A federal grand jury has indicted the owner and former owner of a Hawaiian car dealership, along with their CFO, accountant and others, for tax fraud.

Hawaii residents Charles Alan Pflueger, James Henry Pflueger, Randall Ken Kurata, and Julie Ann Kam, and California resident Dennis Lawrence Duban, were indicted for conspiracy to defraud the United States for the purpose of obstructing the IRS in its collection of taxes.

Charles Alan Pflueger currently owns Pflueger Inc., and his father James Pflueger is the former owner of the dealership. They and Kam, an executive assistant to Charles Alan Pflueger, are also charged with filing false federal individual tax returns for three, two, and two years, respectively. Kurata, the company’s CFO, is charged with filing a false federal corporate tax return on behalf of the dealership.

The grand jury also indicted James Pflueger and Duban on a separate charge of conspiracy to defraud the United States for the purpose of obstructing the IRS in its collection of taxes. This charge was in connection with James Pflueger’s sale of a property in California.

Proceeds from the sale were sent to a bank account located in Switzerland. The indictment charges James Pflueger with failing to disclose to the federal government the existence of the Swiss bank account. Duban, a CPA, is also charged with two counts of aiding in the filing of false federal tax returns on behalf of Charles Alan Pflueger and one count of aiding James Pflueger in filing a false return.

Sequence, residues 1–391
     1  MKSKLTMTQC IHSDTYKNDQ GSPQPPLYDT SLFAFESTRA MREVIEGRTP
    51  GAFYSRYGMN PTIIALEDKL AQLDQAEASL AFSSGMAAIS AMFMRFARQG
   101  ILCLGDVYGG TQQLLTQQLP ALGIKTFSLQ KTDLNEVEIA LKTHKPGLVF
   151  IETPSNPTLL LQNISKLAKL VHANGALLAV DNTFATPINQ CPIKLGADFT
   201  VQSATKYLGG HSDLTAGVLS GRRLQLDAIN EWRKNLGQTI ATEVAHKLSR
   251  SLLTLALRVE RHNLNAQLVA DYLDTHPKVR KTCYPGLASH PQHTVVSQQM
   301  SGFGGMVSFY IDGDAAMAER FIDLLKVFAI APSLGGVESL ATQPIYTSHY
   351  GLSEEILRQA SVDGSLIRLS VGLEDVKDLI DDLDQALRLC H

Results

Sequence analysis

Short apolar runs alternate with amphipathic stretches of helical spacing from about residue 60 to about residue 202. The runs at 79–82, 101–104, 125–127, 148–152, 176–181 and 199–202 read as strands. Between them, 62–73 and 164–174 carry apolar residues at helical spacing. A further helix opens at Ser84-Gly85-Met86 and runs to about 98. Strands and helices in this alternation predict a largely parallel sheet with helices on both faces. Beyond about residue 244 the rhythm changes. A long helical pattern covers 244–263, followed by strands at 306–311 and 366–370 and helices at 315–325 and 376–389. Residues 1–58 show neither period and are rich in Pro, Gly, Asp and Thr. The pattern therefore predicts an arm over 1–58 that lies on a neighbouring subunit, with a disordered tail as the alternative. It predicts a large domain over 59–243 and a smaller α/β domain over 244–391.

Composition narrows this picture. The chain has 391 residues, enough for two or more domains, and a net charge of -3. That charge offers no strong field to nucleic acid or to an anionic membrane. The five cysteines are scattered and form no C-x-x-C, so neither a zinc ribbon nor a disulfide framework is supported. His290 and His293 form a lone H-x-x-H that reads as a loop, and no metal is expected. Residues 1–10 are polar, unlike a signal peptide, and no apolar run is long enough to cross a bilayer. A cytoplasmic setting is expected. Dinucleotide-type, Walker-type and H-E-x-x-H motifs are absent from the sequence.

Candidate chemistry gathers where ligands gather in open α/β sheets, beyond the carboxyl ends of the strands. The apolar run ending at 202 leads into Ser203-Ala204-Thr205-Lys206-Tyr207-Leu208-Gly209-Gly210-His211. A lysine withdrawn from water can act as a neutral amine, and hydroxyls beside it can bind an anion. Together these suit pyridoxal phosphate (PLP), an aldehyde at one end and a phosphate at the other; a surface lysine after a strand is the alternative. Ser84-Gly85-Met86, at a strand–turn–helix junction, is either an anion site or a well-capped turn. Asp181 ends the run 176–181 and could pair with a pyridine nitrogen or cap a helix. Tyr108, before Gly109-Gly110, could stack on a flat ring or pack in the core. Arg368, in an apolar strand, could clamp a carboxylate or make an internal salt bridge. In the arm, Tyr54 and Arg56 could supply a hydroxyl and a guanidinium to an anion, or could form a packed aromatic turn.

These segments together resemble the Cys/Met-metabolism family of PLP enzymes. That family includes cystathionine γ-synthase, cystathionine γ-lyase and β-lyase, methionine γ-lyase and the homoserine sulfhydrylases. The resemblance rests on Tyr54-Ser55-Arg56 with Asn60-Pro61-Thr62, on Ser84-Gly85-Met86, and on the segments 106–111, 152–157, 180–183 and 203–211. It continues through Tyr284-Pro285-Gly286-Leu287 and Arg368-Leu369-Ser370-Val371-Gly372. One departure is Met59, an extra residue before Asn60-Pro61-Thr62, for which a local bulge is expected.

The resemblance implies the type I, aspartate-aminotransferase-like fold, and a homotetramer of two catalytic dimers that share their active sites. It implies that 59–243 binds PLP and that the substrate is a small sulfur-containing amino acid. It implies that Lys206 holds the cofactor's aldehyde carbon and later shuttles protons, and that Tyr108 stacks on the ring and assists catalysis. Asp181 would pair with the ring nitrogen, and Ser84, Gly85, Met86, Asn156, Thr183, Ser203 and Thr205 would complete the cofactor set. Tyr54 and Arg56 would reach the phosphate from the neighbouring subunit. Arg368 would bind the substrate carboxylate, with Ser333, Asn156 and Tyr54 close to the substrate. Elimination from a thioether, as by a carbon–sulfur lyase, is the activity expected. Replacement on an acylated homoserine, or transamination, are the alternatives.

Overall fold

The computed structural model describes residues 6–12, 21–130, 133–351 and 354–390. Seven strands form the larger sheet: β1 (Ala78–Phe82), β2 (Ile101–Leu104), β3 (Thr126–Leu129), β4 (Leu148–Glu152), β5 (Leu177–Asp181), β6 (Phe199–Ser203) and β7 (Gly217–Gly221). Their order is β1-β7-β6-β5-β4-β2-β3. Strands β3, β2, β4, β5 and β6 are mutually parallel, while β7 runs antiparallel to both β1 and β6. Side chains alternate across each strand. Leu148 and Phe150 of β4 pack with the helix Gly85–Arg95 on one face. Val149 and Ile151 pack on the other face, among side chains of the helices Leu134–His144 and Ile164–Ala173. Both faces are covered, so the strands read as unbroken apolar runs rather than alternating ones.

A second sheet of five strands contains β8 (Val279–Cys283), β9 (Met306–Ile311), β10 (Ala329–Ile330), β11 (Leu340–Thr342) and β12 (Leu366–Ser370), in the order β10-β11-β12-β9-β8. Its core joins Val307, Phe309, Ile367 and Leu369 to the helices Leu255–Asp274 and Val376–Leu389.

In addition, the defendants have been accused of caused the personal expenses of the Pfluegers and other family members to be paid for by the company. The expenses were allegedly deducted as business expenses on Pflueger Inc. corporate tax returns signed by Kurata. Additional personal expenses were paid for by another limited liability company owned by Charles Alan Pflueger called Pacific Auto Distributors.

James Pflueger and Duban allegedly set up a Cook Islands trust called the Vista Pacifica Trust to sell California property. After creating the trust, they opened a bank account in the trust’s name in Switzerland, according to the indictment. In addition to failing to disclose the existence of the foreign bank account, prosecutors claim that a federal income tax return for 2007 filed on behalf of James Pflueger did not properly report the profit he received from the sale.

Charles Alan Pflueger’s attorney released a statement blaming the errors on his client’s tax consultants and said they were “unintentional and simply the product of human error,” according to Hawaii News Now. He predicted his client would be exonerated and would receive a refund from the IRS. James Pflueger’s attorney told the Honolulu Star Advertiser that his client was innocent and that he would vigorously defend the case. Duban’s attorney predicted his client would be acquitted by the jury once the case goes to trial.

For the conspiracy counts, the defendants face up to five years in prison and a $250,000 fine. For the false tax return counts, they face up to three years in prison and a fine of $250,000. For failure to report the foreign bank account, James Pflueger faces up to five years in prison and a $250,000 fine.

The Hawaii Reporter noted that James Pflueger is facing seven counts of manslaughter in a separate case stemming from the 2006 breach of a dam he owns on Kauai. He recently settled several wrongful death lawsuits in that case. In an earlier case, he has also been convicted of 10 felony counts and fined a record $7.5 million for illegally grading another property in Kauai that prompted 1,000 tons of mud to fall into a bay in 2001.

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